A POINT GUARD WITHOUT A COUNTRY
Maria Rivera, star point guard for the University of Miami, is trapped in a zone press. She wants very much to play for the U.S. Olympic team, and Kay Yow, the coach of that team, would love to have her try out. But Rivera was born in Puerto Rico, and FIBA, the international basketball federation, considers Puerto Rico a nation unto itself in sports. Consequently, FIBA says she can't play for the U.S. even though Puerto Rico 1) is a U.S. commonwealth and 2) does not currently have a women's Olympic basketball team.
Last year Rivera made the U.S. Pan Am squad but was dropped when FIBA threatened to disqualify the whole team if she played. At first Rivera was told she would have to apply for U.S. citizenship, an absurdity since she, like any Puerto Rican, is already a U.S. citizen. Her case was recently appealed before the FIBA eligibility committee, which voted 7-1 against her, the sole vote in her favor being cast by Bill Wall, executive director of the Amateur Basketball Association- USA.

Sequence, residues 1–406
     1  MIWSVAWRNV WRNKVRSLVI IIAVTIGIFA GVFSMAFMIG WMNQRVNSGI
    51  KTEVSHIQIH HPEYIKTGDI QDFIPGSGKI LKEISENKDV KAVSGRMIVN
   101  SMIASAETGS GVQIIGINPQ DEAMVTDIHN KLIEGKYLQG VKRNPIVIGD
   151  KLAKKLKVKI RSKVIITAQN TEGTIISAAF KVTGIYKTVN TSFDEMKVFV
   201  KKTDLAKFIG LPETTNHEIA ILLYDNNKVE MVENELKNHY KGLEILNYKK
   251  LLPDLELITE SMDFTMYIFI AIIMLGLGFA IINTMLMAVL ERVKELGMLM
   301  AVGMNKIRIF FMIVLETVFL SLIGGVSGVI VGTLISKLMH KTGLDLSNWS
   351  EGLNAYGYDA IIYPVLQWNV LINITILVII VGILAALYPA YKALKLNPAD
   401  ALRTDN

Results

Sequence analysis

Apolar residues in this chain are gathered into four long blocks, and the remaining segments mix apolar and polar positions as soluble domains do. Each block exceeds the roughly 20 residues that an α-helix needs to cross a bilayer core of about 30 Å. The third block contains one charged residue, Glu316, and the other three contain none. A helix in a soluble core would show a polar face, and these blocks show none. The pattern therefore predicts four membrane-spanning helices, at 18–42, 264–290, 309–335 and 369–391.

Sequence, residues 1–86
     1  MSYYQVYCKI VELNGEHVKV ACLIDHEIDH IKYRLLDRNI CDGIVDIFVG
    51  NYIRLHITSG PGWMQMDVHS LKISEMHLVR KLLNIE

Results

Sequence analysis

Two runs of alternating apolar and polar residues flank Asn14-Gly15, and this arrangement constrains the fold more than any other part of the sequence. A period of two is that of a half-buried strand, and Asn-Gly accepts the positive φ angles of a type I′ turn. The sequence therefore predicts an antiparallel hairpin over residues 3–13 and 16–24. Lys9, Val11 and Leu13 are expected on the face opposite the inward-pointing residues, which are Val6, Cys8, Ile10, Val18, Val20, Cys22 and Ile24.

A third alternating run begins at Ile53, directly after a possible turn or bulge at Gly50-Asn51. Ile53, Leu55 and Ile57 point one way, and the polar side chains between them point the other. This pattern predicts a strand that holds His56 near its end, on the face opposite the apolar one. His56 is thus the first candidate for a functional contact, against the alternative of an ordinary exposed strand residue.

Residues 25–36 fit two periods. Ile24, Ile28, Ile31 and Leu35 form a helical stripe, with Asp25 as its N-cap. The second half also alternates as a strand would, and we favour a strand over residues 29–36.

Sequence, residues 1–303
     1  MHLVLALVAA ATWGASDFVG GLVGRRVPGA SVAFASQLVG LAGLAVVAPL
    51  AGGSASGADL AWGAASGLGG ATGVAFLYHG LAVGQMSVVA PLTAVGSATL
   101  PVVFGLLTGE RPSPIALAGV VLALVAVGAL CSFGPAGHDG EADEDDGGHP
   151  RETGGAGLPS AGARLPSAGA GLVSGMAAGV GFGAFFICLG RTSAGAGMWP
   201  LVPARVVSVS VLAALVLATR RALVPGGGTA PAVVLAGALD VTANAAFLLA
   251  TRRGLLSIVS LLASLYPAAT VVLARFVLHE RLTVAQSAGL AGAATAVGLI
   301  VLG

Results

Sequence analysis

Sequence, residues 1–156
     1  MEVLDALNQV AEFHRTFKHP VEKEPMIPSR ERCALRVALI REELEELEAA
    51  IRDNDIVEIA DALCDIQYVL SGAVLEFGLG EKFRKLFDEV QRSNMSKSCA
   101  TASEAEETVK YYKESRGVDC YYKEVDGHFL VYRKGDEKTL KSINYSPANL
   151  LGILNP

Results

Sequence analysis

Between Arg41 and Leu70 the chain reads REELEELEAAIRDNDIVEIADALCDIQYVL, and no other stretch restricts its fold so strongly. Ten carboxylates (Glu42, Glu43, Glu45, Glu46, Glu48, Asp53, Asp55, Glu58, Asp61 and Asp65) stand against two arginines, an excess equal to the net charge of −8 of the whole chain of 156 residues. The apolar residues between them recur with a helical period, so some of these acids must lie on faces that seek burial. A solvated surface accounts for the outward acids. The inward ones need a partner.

A group in Miami, Gentlemen of Sports, has sent a petition with 112,000 signatures on behalf of Rivera to FIBA headquarters in Munich, West Germany, and Rivera still has one more appeal coming, to the FIBA executive committee. But the Olympic tryouts are in April, and the committee won't meet until May. "I feel for her," said Wall. "She's caught in a terrible bind, and I don't think she has much of a chance."
Rivera hasn't let her problem affect her play. Three weeks ago she got her 2,299th point to break Rick Barry's alltime scoring record at Miami, and last week she concluded the regular season with 628 points, a 23.1 point-per-game average. UM has retired her jersey.
"In a certain way, I do feel as if I am a woman without a country," says Rivera. "What am I supposed to do? I don't have time to sit and wait."